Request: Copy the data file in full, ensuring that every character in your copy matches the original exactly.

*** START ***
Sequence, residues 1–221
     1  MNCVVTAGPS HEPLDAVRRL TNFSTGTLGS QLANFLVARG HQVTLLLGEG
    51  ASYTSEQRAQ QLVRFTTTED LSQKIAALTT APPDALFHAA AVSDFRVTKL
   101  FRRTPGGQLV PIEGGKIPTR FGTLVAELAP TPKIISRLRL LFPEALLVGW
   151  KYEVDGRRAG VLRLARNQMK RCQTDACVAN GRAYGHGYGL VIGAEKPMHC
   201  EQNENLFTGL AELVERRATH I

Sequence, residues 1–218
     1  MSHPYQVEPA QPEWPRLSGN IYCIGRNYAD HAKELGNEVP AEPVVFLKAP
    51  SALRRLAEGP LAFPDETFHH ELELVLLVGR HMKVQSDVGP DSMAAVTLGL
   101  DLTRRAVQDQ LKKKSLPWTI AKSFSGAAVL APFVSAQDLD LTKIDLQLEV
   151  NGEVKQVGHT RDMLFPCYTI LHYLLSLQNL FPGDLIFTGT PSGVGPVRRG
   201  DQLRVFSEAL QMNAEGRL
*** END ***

Sequence, residues 1–221
     1  MNCVVTAGPS HEPLDAVRRL TNFSTGTLGS QLANFLVARG HQVTLLLGEG
    51  ASYTSEQRAQ QLVRFTTTED LSQKIAALTT APPDALFHAA AVSDFRVTKL
   101  FRRTPGGQLV PIEGGKIPTR FGTLVAELAP TPKIISRLRL LFPEALLVGW
   151  KYEVDGRRAG VLRLARNQMK RCQTDACVAN GRAYGHGYGL VIGAEKPMHC
   201  EQNENLFTGL AELVERRATH I

Sequence, residues 1–218
     1  MSHPYQVEPA QPEWPRLSGN IYCIGRNYAD HAKELGNEVP AEPVVFLKAP
    51  SALRRLAEGP LAFPDETFHH ELELVLLVGR HMKVQSDVGP DSMAAVTLGL
   101  DLTRRAVQDQ LKKKSLPWTI AKSFSGAAVL APFVSAQDLD LTKIDLQLEV
   151  NGEVKQVGHT RDMLFPCYTI LHYLLSLQNL FPGDLIFTGT PSGVGPVRRG
   201  DQLRVFSEAL QMNAEGRL